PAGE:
Improvements            59,608,530    3,663,340                      63,271,870
       Infrastructure         113,896,452    28,263,775                    142,160,227
       Equipment, etc          21,559,258       350,030                     21,909,288
Total capital assets being
        depreciated           221,613,124    34,603,911                    256,217,035
Less accum. depreciation for:
       Buildings                 8,860,428      876,666                      9,737,094
       Improvements            13,567,967     2,001,816                     15,569,783
       Infrastructure          46,794,290     4,161,662                     50,955,952
       Equipment etc           11,410,603     1,448,434                     12,859,037
Total accum. depreciation      80,633,288     8,488,578                     89,121,866
Total capital assets being
       depreciated, net       140,979,836     26,115,333                    167,095,169


                                        51
Governmental activities
      capital assets, net     $187,645,612 $61,914,287         $           $249,559,899


                             Beginning                                      Ending
                              Balance        Increases         Decreases    Balance
Business-type activities:
Capital assets not being depreciated:
Land                            30,561,922                                   30,561,922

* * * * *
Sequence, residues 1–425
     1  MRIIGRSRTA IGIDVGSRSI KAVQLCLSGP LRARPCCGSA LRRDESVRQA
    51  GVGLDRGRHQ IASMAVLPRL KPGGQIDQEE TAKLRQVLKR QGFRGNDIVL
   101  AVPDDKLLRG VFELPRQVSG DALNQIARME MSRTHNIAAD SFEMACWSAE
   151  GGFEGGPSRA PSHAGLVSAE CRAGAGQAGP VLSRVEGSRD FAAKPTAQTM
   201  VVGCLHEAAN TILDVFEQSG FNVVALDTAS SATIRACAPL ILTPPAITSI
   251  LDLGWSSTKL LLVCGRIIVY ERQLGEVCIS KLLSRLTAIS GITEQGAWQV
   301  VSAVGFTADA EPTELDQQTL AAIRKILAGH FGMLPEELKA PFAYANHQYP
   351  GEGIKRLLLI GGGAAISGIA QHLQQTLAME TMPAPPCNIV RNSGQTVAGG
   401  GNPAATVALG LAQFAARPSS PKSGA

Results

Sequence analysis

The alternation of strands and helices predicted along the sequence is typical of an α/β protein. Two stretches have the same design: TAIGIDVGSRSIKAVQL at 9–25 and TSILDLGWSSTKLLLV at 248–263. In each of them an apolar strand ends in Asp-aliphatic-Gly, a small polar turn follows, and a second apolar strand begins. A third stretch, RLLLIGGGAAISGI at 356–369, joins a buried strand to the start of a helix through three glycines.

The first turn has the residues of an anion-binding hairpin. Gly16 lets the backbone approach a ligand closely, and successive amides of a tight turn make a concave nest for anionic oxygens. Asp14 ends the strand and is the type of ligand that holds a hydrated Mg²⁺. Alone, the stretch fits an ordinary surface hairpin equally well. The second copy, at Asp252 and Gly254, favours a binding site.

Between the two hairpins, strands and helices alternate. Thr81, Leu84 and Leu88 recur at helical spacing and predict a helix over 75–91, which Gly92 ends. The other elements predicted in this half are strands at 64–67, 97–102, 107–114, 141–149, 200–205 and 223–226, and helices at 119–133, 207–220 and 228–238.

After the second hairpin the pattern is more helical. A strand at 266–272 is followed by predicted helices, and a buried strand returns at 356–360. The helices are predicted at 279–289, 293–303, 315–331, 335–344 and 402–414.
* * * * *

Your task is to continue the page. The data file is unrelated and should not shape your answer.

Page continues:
Capital assets being depreciated:
Buildings and systems          258,865,128 36,472,806                       295,337,934
Improvements                     16,430,926 1,463,725                        17,894,651
Machinery & Equipment            18,854,185    392,355                       19,246,540
       Total capital assets being
       depreciated             294,150,239 38,328,886                       332,479,125
Less accum. depreciation for:
Buildings and systems           70,125,931   7,195,351                       77,321,282
Improvements                     4,464,983     679,865                        5,144,848
Machinery & Equipment           12,603,735   1,564,698                       14,168,433
Total accum. depreciation       87,194,649   9,439,914                       96,634,563
Total capital assets being
       depreciated, net        206,955,590 28,888,972                       235,844,562
Business-type activities
       net capital assets $237,517,512      28,888,972                      $266,406,484

In the government-wide financial statements depreciation was charged as follows by
program or activity:
               Governmental activities:
                       General government                        $1,122,215
                       Public safety                                 747,445